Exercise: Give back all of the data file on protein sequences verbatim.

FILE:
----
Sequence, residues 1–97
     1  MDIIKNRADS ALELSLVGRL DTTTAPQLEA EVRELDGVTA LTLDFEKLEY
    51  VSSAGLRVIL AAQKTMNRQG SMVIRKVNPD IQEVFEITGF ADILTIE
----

Sequence, residues 1–97
     1  MDIIKNRADS ALELSLVGRL DTTTAPQLEA EVRELDGVTA LTLDFEKLEY
    51  VSSAGLRVIL AAQKTMNRQG SMVIRKVNPD IQEVFEITGF ADILTIE